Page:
“I really hope the tragic case could help raise awareness among people,” Ling-Qun Hu told Sino-US.com. The Chinese American anaesthesiologist has been strenuously pushing for wider use of pain reduction during childbirth in China over the past 10 years. He is the founder and executive director of the No Pain Labor & Delivery (NPLD), a nongovernmental program launched by the Northwestern University Feinberg School of Medicine in 2006. The NPLD is designed to help Chinese hospitals train more anesthesia doctors, increasing access to safe labor analgesia by 10 percent in 10 years.
 
A valuable photo taken in Hangzhou, the capital city of east China's Zhejiang Province in June 2008 when volunteers of the No Pain Labor & Delivery (NPLD) took their first trip to China  Photos: nopainld.org

At the start of 2004, a Xinhua News Agency article revealed that labor pain relief is accessible only to 1 percent of delivery women in China. As of September 9, 2017, Hu and hundreds of other medical experts in the NPLD from the United States, Belgium, Canada, Germany, Israel and China have worked with 80 hospitals in China, helped 77 percent of them provide pain reduction to over 50 percent of maternity patients.

Ling-Qun Hu talked about the “modern labor & delivery room” concept put forward by the NPLD. “The core idea is to have 24-hour availability of anesthesia doctors in labor & delivery rooms and to proceed team-based medical practice in perinatalogy.”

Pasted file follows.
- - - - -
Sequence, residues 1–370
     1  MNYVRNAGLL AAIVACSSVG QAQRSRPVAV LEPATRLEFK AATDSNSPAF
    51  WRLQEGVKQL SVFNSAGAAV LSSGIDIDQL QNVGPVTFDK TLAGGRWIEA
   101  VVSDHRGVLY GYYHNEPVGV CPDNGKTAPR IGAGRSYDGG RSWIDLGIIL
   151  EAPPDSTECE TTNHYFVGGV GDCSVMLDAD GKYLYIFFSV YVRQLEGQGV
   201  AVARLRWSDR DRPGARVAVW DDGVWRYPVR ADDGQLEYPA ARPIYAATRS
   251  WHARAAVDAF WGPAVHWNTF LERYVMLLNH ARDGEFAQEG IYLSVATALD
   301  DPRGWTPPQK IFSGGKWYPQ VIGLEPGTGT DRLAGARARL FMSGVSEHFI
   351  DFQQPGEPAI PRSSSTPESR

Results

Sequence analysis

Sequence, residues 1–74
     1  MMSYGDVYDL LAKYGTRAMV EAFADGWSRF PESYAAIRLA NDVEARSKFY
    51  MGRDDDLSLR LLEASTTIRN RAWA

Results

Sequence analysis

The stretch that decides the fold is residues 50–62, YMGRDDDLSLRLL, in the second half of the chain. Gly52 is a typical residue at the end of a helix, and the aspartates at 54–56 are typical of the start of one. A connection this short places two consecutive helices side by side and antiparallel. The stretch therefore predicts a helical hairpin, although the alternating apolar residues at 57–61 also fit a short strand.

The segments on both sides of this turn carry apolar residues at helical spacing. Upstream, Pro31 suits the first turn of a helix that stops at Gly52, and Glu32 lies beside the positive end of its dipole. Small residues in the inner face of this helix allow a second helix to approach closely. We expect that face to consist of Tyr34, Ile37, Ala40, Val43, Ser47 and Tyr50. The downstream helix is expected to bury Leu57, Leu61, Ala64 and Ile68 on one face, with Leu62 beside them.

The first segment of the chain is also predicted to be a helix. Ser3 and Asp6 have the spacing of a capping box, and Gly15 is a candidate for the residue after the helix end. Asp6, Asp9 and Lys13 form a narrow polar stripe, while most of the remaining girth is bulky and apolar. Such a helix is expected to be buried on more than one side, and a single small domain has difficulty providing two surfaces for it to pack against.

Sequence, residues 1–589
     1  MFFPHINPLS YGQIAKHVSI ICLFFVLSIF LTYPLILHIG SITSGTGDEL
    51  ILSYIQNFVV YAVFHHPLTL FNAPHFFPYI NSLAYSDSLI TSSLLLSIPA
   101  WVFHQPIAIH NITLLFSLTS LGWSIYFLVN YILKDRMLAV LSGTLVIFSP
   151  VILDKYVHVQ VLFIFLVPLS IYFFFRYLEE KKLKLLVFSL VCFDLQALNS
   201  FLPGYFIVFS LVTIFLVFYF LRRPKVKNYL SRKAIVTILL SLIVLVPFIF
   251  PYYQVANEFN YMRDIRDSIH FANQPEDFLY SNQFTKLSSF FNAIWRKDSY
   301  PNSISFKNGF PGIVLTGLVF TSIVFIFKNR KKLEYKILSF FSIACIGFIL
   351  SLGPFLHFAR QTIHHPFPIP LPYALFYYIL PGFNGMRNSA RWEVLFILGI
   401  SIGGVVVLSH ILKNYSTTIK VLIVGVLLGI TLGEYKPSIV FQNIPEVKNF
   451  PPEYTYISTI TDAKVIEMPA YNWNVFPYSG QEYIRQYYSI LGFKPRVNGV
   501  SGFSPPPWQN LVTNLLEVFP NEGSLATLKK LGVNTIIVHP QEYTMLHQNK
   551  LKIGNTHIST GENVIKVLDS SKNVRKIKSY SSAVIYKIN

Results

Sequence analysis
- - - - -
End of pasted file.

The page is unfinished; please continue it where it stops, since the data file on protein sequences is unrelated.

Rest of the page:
C-section rate too high in China

Many medical experts and hospital administrators agree that wider application of childbirth pain relief would lead to less Cesarean delivery, also called C-section. According to Lipson, the problem worth talking about is China’s very high proportion of C-section. “It’s too high. Too many women are having surgeries they don’t need to have. This worries me a lot,” she said, noting that in all United Family hospitals, the C-section rate is less than 30 percent, whereas in Chinese public hospitals, it’s mostly over 50 percent.

She warned about the risks that would come with C-section. “Some people think erroneously that C-section is less dangerous for mom and baby, but that’ not true.” Lipson believes if doctors tend to make things more convenient only for themselves, the rate would go up. “For example, if a doctor can schedule a C-section surgery at 8 o’clock, he will be home at 9 o’clock. He would not need to wait for the woman to have a baby,” she said, noting it’s good to see that Chinese women are becoming more discreet about C-section now.

In the past, many women opted for a caesarean delivery to avoid the pain, anxiety, and distress associated with vaginal delivery without analgesia. On the other hand, according to Lipson, the medical insurance system in China provides greater reimbursement for C-section than for natural childbirth, like in many other countries.